23 Oct 2012 Glass Geishas by Susanna Quinn
Susanna Quinn’s Glass Geishas is a compelling and cautionary tale. Just reading the sub-heading: “Every Girls Has Her Price,” I was drawn in. From the first lines of the prologue, “Breathe in, Breathe out,” I felt like I fell down a rabbit hole. What world had I tumbled into?
The stories of young blond Western girls made me think of my hometown of Hollywood, where naive young girls hope to make it “big”. The mystery of “Where is Annabelle?” and the drama of Julia not knowing Steph, and the many parallels of Mrs. Sato’s daughter, and Mama-san’s desire to support her missing daughter all create a fascinating read. I rooted for the main character, Steph, at every turn and could not put this book down.
I had no idea that this adventure to Roppongi, Tokoyo, would be so captivating. Iranian drug lords, Japanese men on the prowl, and Club Dandy men where women pay $1000 for a night of secret passions, all opened my eyes to scenes I couldn’t believe existed, even my travels to over 100 countries.
This sad, searing portrait of the search for easy money to restart your dreams, and the bewildering maze of lost youth, drugs and foreign lands is fantastic. Each woman’s voice is individual yet it seems each is telling the same tale from similar windows: past, present, future. While an entertaining read, it is also an instructive tale. Be true to yourself and to the hard work that are required to make your dreams come true.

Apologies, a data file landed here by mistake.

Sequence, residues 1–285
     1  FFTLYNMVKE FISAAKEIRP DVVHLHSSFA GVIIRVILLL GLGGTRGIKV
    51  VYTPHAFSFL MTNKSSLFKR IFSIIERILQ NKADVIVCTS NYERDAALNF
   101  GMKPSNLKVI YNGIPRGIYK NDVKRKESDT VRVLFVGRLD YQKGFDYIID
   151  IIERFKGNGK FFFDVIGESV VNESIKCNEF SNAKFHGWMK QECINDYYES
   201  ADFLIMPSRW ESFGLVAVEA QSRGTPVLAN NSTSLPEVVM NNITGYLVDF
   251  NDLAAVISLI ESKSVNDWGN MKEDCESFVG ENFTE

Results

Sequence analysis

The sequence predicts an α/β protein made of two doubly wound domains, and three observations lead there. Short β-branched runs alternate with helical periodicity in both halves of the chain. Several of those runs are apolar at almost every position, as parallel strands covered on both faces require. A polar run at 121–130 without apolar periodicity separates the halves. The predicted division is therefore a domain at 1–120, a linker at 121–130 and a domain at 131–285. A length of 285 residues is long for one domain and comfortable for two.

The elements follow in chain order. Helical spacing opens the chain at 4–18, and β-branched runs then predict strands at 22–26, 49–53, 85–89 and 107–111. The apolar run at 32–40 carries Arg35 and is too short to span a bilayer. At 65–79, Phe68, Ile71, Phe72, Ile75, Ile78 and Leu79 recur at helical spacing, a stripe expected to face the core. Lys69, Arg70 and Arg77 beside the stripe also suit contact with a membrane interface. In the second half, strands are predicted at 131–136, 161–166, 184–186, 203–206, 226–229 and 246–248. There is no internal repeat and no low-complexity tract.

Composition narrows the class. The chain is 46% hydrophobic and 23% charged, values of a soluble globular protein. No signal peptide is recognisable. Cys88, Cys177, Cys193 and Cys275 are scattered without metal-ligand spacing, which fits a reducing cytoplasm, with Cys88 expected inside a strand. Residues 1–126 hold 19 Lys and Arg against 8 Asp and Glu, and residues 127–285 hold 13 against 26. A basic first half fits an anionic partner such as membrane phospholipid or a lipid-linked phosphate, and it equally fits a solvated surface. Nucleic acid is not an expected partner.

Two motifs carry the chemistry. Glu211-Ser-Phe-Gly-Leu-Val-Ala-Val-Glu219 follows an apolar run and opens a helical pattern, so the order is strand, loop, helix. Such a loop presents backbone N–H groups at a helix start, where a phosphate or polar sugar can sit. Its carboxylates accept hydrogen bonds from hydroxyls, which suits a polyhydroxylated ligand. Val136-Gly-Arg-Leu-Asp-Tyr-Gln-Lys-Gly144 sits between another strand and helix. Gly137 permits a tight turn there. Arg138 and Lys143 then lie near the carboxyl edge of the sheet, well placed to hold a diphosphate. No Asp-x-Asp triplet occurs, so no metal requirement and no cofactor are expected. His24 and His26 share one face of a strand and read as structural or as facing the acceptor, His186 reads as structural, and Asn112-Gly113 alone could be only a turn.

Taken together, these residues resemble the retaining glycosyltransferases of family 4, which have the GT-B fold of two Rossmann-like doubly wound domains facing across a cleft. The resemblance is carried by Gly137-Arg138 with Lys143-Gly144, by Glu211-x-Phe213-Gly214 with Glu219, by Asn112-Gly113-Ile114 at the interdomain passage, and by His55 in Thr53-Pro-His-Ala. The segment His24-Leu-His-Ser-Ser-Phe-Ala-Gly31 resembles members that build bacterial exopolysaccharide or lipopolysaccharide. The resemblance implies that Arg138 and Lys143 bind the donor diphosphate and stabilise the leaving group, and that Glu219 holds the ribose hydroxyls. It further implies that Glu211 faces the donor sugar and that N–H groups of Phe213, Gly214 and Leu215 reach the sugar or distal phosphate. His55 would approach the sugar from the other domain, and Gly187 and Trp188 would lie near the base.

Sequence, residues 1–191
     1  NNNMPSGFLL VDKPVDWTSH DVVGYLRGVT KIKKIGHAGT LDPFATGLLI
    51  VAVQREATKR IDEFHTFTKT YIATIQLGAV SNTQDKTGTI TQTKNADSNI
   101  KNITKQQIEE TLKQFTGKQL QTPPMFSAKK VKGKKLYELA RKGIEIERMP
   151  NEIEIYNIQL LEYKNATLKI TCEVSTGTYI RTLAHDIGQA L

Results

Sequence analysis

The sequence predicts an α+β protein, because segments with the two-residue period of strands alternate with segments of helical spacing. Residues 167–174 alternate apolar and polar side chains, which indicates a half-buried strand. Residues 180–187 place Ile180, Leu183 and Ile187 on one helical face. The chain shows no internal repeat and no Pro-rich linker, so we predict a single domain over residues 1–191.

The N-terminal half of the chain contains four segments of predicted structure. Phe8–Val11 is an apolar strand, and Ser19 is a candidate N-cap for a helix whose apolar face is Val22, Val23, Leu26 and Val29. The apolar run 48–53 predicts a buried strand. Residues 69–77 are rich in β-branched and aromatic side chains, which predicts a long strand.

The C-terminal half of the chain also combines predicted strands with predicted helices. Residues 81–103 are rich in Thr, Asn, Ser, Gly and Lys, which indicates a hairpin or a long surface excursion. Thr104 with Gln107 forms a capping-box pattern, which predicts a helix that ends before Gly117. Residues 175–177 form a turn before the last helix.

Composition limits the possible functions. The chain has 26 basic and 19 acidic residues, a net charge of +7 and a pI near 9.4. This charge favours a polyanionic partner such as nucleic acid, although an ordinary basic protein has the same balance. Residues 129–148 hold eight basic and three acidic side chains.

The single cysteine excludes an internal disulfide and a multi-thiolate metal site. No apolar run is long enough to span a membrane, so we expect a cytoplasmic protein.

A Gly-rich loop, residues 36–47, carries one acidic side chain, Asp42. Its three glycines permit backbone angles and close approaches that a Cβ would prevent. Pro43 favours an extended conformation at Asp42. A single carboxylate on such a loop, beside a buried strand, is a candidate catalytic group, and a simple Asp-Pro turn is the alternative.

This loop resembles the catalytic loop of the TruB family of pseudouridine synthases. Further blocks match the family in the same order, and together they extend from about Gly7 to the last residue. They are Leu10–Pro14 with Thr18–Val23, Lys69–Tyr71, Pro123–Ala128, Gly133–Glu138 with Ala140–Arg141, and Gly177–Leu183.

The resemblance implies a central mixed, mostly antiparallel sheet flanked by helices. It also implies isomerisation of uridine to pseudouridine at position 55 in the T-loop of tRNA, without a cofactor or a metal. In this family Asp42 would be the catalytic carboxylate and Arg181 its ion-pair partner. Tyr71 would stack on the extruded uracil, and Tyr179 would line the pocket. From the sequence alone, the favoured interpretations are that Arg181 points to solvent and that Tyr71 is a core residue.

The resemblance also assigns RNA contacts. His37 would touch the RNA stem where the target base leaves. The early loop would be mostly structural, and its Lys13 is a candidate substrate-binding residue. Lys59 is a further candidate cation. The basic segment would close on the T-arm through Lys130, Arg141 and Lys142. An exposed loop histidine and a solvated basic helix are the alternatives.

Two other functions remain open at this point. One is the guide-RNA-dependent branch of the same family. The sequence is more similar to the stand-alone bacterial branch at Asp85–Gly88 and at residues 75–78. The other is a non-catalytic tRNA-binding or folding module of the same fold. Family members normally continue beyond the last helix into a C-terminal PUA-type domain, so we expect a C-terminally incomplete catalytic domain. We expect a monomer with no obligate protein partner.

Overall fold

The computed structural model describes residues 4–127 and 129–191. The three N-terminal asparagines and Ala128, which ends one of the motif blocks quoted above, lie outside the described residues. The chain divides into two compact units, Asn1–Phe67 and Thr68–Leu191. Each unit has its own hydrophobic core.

As Chastity says: “Roppongi’s like a trap, that’s what they say and it’s true. You try to get out but the easy money and the easy work…” The nature of an easy life and how one becomes a good person or a good daughter (or a good geisha) are reoccurring themes. Every girl is someone’s daughter. We are all part of the same human family, and so what is our responsibility to and for each other? As Mrs. Kimono states, “Money is worthless if you have given your soul away.” What is the price of the easy life, debts, and drinks and dreams? Our lives are a result of the choices we have made, and in this book with the stories are woven together like a tapestries of sadness, broken connections and new beginnings.
Mrs. Kimono tells Steph: “The Western girls that work in that place [Calamity Janes]. Glass geishas I call them. Fragile. Breakable. Empty. Roppongi is a place to stay if you don’t want to grow up. But it’s not a place to live. You can’t be a maiko for ever.”
I know that many American girls end up in Hollywood hoping to make their dreams come true. After reading this story I saw that many British girls make an analogous pilgrimage to Japan for the hostess trade, instead of trying to make it in movies. Quinn suggests looking at www.missingabroad.org to learn more about the issues in this novel. For all young women looking for a way to start their life again and make their dreams come true,
To close with Steph’s words: “It’s thanks to her I’m not hiding from life anymore. I’m living for real now. I hope she knows I listened.” Make your dreams come true! It will be worth the effort.
Article first published as Susanna Quinn’s Glass Geishas on Technorati.